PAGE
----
When one of your parents begins to exhibit symptoms of vision loss, he or she would have no choice but to rely on you or caregivers for managing their symptoms. But it could be incredibly overwhelming to care for someone with impaired vision if you don’t have the experience.
With that being said, the following strategies would help you reduce your loved one’s risk of injury and make their everyday life more manageable.
Help Through Vision Aids
You could aid your loved one deal with his condition by trying to accommodate and incorporate their impairment in their daily lives, advises an experienced senior home health care services provider in Fort Collins. The best way to go about this is to help your loved one use vision aids. These include huge TV screens or electronic devices with high-contrast lighting and images, as well as books with supersized prints.
You have to be particularly careful to lower the risk of falls, trips, and slips in the home. If your loved one could still see to some extent, you could do some things to make it easier for him to navigate the house. Add more lights or replace existing lights with brighter bulbs for more illumination. You could likewise place bright-colored tape on the edge of each step to avoid slips. You also need to keep the house as clutter-free as possible to eliminate potential slip hazards. It’s also best if your loved one could wear skid-resistant footwear and if the floor is reinforced with a non-slip coating.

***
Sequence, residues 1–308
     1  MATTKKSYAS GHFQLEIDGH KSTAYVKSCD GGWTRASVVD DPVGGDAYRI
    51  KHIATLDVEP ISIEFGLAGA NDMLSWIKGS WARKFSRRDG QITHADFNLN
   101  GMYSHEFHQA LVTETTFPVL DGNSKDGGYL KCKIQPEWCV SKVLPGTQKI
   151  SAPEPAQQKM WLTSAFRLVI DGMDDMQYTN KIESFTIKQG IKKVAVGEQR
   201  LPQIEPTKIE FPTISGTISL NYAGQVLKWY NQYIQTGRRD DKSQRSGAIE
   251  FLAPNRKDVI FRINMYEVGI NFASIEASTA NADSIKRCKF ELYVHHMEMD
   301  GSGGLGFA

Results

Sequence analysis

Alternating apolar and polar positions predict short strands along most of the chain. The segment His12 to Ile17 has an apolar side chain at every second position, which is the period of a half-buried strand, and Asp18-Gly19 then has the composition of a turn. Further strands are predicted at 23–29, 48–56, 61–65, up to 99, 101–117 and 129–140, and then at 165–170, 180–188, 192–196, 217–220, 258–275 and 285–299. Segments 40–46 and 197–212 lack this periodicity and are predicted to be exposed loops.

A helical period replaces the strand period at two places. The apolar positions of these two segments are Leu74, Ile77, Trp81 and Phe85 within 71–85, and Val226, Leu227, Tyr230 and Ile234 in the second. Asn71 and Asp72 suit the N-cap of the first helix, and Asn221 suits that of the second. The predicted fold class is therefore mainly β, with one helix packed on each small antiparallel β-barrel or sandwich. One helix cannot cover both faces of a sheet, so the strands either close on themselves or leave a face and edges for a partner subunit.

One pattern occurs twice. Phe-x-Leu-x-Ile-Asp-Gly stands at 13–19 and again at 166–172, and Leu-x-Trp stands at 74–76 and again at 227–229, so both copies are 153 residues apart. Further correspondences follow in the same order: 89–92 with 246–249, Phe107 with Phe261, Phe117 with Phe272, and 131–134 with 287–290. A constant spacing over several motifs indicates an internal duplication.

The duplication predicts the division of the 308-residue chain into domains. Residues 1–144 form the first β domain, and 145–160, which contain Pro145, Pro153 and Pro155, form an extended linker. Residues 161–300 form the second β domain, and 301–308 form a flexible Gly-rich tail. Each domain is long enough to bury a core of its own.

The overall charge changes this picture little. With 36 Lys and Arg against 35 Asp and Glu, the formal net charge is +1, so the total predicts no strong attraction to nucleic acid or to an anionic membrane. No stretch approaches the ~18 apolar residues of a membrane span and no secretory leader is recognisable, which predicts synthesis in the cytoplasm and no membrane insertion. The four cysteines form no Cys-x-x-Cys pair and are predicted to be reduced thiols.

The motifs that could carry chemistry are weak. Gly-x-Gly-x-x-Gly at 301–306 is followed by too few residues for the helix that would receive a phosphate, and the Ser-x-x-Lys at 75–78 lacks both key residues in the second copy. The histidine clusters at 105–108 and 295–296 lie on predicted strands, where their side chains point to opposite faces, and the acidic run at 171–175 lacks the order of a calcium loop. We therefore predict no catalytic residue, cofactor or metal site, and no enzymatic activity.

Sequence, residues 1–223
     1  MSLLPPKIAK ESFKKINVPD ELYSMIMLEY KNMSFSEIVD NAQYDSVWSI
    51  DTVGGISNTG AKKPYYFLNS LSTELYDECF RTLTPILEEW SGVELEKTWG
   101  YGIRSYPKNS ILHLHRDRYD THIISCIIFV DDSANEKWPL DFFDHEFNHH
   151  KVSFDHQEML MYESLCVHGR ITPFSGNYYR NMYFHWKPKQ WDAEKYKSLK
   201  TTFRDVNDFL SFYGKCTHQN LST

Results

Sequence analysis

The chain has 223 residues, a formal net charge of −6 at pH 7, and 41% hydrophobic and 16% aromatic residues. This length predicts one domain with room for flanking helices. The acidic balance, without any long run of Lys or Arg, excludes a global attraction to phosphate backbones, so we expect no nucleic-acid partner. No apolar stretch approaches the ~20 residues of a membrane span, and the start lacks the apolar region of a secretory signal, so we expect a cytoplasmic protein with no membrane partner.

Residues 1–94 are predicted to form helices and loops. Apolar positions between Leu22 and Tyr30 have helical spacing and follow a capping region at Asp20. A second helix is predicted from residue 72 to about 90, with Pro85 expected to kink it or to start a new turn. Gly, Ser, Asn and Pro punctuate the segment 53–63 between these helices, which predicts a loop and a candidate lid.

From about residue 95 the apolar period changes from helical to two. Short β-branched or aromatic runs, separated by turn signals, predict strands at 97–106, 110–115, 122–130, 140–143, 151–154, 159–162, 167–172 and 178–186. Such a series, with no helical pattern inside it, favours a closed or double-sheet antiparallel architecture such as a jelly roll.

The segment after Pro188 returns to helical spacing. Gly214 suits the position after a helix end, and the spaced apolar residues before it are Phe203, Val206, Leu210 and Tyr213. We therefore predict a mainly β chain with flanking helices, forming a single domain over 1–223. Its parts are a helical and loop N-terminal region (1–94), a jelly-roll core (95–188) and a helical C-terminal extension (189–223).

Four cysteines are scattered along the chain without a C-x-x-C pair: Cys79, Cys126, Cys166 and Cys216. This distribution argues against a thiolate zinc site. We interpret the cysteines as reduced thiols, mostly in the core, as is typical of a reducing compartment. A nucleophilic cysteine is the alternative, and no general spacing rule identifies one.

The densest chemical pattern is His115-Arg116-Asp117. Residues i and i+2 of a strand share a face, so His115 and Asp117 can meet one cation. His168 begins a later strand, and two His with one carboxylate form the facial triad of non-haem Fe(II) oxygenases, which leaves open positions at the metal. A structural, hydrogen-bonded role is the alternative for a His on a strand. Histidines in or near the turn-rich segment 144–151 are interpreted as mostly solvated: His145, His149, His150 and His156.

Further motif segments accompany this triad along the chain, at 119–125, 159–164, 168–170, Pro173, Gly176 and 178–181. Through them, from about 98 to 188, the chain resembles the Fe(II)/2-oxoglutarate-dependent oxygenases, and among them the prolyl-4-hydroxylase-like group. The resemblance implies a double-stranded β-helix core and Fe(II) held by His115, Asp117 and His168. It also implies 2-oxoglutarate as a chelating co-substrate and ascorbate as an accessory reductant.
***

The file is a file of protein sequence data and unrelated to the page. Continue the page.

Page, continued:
Consider Outside Help
If you’re the primary family caregiver, you might need to help your loved one with daily tasks. For example, you might need to cook, do laundry, clean the house, run errands, etc. If you can’t be a caregiver 24/7, it’s best that you consider getting professional care services so you could focus more of your time spending quality time with your loved one instead.
As your loved one’s primary caregiver, the many safety risks related to impaired vision might have you feeling utterly powerless. But although vision loss undoubtedly increases the safety risks for your loved one, remember that you have the means to reduce these risks and help ensure your loved one’s safety regardless of his condition.